As soon as you match one of the Elder’s creations, you get to place a totem token (or two depending on what you have just achieved) on that objective card. Similarly, if you complete a row or column as you paint away, you also get to discard a totem token. And the first person to discard all 8 of their totem tokens is the winner!
When you fulfill the wishes of the Elders by painting your cave in certain ways — such as completing a horizontal line or connecting opposing corners or surrounding a legendary animal on all sides — you place one or more totem tokens on that challenge. Whoever first discards their eight totem tokens wins.
Bidding for Bison!
This game came as a real surprise, and a really good one at that! Having heard it involved bidding, I was a little unsure how that would play out at lower player counts – the tension can sometimes be a little lacklustre with only one person to beat. But Benoit and Alexandre are clever clogs. They have devised a simple push-your-luck, bidding design that works well at lower counts. It is always going to be even more exciting and tense when there are more players around the table vying for pluckworthy prey. But we finished our first two player game super fast and immediately wanted to play again!
The cute cartoony artwork is great, and I was definitely lulled into a false sense of security by it – I thought it would be a simple kids’ game. Especially as there are only a few tiles out at a time! And whilst it is a fun, light, family game, the various elements layer up and there is more to think about than first meets the eye.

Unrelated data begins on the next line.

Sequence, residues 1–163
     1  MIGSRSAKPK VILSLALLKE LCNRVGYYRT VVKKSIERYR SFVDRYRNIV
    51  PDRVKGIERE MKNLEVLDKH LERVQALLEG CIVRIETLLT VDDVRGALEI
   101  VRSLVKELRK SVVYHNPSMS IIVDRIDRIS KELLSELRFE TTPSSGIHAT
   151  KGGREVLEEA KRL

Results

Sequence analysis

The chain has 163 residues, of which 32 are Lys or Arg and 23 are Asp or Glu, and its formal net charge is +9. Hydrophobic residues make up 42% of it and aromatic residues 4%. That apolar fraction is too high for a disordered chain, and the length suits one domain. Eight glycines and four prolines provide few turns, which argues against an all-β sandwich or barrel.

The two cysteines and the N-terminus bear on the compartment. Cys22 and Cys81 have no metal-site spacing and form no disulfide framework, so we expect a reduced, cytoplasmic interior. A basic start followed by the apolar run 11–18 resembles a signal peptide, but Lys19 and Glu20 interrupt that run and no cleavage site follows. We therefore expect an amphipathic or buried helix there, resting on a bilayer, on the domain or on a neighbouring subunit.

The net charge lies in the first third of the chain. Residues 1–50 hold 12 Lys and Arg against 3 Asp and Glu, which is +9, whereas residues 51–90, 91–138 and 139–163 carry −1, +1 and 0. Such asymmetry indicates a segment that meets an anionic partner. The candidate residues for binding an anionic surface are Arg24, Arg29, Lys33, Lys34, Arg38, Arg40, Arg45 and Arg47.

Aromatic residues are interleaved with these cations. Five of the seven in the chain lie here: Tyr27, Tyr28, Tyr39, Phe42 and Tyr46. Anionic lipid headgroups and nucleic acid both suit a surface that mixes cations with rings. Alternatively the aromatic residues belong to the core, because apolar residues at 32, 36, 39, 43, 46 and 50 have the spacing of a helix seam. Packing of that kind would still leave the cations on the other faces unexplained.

The push-your-luck on the bidding phase is great, and it presents choices each round; do you play your fastest warriors to go first, knowing you’ll take the wound hits to get bigger tiles? Or do you risk it with more heft and just hope your opponents don’t hunt down the polyomino you want when they go before you. Do you play safe and get a smaller portion but have more man and womanpower for the next round?! Which warriors come out of your stack each round is a little random, but it adds to the strategy, and is an added frisson of excitement for us. Having only 1 tile on each location every round also ramps up the tension which is great. The different challenges makes it highly replayable as well as accessible to players with various levels of spatial skill.
I can’t finish this review without a word or two about the components. The boards, tiles, and cards in Prehistories are top notch. Some of the legendary animals are a bit tricky to decipher in terms of which way up they should go, but the overall look and feel of the game is superb.
Overall, this is a family level game I could easily play with Mini-meeple as I do with older gamers. Younger ones might not tap into the strategy fully just yet, but beating someone else in the race to go first and pattern matching the objective cards definitely clicked with our tiny hunter.
One word of warning; this is not a Patchwork type game! Don’t be thinking you need to fill up your cave board for fear of being smacked with negative nellie points. ShadowMeepleMedia was so focussed on filling all the gaps that he missed out on juicy objectives that could easily have shed multiple totem tokens for him! Good for me, but not so good for him! Haha
If you think this might be a game for your collection, you can always check out the lovely folks at Out of Town Games here
[Please note that a copy of this game was kindly provided by the publishers for review. I am not paid for my comments, however, and all opinions are my own]. I am also not affiliated to or sponsored by any retail store.